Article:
My oldest son is now 7 years old. I have had 7 years of growth as a father. Over those 7 years I have become strong, courageous, and resolute. But this was not always the case. A common occurrence, during and after pregnancy, is for young fathers to feel various levels of fear. I can say that when my first son was conceived I felt a great deal of fear. And even after he was born I often struggled with questions as to whether or not I would be able to function as a good father to my son.
One of the unfortunate social norms that I have observed is that the importance of fatherhood is not something that is spoken about openly with young males. In some cases this is the result of fathers not being present to instruct their sons. In other cases this is the result of a social expectation wherein men are not to speak about their fears; even if sharing those fears will help younger males to realize that fear is part of the growth process and that fear can be overcome.
I can only imagine what type of world this would be if all men made an absolute commitment to being present in their children’s lives. I can only imagine what type of world this would be if all men made an absolute commitment to giving careful attention to guiding their sons so as to prepare their sons for fatherhood. What a blessing this would be for young women to have an abundance of males to interact with; an abundance of males that have been given appropriate instruction and guidance from honorable men.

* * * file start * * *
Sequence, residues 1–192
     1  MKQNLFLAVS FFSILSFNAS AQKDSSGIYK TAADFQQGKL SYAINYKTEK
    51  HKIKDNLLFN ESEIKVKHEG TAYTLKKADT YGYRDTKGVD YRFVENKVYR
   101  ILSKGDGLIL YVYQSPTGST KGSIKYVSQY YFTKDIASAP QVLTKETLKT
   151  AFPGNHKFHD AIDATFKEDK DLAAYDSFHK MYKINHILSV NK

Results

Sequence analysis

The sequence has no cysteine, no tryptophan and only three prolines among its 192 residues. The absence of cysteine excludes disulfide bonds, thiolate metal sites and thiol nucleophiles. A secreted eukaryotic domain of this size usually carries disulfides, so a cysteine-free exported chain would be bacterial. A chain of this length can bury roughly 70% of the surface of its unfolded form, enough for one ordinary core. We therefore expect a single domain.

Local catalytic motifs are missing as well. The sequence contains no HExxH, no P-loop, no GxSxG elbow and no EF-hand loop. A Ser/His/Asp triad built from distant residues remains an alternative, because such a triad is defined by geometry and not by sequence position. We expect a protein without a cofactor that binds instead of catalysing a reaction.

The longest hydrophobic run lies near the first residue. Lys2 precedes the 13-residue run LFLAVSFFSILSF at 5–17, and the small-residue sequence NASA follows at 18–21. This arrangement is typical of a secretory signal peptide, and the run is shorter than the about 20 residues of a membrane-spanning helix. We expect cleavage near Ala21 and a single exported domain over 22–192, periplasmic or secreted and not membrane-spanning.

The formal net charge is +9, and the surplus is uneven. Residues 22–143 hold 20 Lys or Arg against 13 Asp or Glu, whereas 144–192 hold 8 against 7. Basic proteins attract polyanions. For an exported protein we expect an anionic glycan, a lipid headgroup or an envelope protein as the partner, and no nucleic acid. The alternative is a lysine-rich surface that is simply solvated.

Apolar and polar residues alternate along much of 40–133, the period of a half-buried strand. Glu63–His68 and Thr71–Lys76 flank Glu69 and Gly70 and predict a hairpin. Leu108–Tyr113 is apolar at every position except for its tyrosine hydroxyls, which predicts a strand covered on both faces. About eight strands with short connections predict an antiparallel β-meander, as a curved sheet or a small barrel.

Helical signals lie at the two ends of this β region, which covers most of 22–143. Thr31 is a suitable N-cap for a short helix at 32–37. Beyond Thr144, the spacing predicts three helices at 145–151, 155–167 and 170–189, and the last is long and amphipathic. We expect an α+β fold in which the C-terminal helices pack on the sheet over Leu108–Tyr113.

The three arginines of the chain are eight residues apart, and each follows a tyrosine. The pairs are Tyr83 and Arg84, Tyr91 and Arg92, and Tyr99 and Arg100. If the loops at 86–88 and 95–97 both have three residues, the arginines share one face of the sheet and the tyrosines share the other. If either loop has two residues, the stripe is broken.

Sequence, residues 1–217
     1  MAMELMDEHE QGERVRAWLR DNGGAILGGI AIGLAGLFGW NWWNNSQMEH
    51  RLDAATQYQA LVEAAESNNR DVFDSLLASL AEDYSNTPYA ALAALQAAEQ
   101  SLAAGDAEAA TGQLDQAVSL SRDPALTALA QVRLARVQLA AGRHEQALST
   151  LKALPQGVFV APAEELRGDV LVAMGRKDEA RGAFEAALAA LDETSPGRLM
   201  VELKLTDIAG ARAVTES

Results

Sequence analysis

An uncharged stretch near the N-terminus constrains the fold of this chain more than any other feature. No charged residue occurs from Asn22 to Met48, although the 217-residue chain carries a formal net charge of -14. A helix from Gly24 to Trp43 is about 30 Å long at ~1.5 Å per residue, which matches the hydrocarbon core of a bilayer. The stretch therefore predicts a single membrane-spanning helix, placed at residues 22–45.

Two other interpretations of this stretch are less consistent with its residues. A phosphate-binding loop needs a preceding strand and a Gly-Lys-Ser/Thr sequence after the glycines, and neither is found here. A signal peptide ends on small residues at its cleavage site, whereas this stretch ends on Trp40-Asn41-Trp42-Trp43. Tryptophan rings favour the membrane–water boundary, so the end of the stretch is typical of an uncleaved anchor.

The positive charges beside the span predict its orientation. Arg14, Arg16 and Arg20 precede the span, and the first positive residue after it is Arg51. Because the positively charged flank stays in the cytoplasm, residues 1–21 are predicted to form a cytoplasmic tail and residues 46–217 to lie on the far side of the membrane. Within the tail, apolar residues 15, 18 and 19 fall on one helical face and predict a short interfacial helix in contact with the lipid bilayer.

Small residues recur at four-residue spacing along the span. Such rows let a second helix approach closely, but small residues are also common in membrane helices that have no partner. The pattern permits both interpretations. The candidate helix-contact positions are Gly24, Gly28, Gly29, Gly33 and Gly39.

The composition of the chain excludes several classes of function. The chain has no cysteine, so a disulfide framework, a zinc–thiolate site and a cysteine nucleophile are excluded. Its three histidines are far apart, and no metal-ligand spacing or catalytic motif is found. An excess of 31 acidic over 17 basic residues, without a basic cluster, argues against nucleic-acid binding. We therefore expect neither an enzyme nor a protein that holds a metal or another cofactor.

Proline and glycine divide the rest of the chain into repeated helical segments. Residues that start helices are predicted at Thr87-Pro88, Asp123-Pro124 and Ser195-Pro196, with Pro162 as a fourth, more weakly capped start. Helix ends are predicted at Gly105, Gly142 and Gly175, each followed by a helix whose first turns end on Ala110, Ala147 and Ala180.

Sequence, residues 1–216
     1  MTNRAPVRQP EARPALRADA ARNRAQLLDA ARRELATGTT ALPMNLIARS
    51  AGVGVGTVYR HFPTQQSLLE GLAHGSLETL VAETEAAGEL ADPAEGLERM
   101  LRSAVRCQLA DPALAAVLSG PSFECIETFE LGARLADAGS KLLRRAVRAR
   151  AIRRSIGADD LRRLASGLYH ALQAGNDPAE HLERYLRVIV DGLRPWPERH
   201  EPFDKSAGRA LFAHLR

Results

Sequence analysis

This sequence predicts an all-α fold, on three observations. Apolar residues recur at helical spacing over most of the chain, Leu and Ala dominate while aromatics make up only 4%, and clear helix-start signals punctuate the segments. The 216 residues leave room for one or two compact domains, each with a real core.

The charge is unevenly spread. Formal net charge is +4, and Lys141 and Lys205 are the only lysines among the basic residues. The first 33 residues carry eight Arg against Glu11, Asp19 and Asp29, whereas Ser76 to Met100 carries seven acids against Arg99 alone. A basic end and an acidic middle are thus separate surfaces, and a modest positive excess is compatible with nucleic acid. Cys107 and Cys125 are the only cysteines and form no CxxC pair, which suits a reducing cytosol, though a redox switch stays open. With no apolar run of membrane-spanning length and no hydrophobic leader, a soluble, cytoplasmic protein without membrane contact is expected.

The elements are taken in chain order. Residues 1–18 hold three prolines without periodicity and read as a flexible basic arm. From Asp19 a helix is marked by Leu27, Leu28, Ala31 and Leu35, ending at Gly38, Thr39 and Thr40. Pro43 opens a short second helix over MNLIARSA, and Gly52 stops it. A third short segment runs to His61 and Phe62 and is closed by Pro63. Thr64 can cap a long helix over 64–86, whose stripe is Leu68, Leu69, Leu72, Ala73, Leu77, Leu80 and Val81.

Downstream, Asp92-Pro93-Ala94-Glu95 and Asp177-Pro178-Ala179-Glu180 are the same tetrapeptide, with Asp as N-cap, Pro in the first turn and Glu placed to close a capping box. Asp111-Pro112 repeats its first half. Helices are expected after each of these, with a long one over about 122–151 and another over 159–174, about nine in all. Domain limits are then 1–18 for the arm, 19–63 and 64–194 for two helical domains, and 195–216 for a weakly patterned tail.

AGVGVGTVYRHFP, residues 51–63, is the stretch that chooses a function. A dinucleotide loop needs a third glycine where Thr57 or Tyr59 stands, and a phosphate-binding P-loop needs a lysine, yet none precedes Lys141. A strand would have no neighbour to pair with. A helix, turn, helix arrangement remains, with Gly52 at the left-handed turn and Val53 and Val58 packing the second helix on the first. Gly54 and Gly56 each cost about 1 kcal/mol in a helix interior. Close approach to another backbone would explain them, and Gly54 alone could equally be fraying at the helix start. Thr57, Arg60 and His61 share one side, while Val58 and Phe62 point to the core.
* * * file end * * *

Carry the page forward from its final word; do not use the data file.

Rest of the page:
Appropriate instruction and guidance is invaluable. I know that if I had received appropriate instruction and guidance I would have been much further along in my process and would have been able to function as a better father to my children earlier on. I must also state that there have been times where instruction and guidance was offered to me by honorable men but I was unwilling to accept it. Why would I be unwilling to accept proper instruction and guidance?
It is often the case that men feel as if we must put on a cloak of invisibility, so that we do not appear to be weak or needy in any given area of our life. While I recognize the importance of projecting masculine strength, I also recognize that there are times when men must surrender to the truth that they need help with whatever challenges they may be facing. Surrendering to the truth that one needs help does not make a man weak. Surrendering to the truth that one needs help makes a man an honorable man!
I hope that this article helps other men to realize that it is ok to ask for help. Asking for help can open the door to receiving what you need in order to become a better husband, a better father, and a better man. In fact, if you are a young father I encourage you to talk to those honorable men around you. What they share with you can make a huge difference in your growth as a father. If you are unable to find honorable men in your surrounding space you can always contact me at: email@example.com
Above all else may we all recognize that young fathers need support too. This being the case, let us all do our part to help young fathers in any way possible. In so doing we assist in the fortification of male-female relationships, fatherhood, husbandhood, and the family institution.
Copyright © 2011 Lenon Honor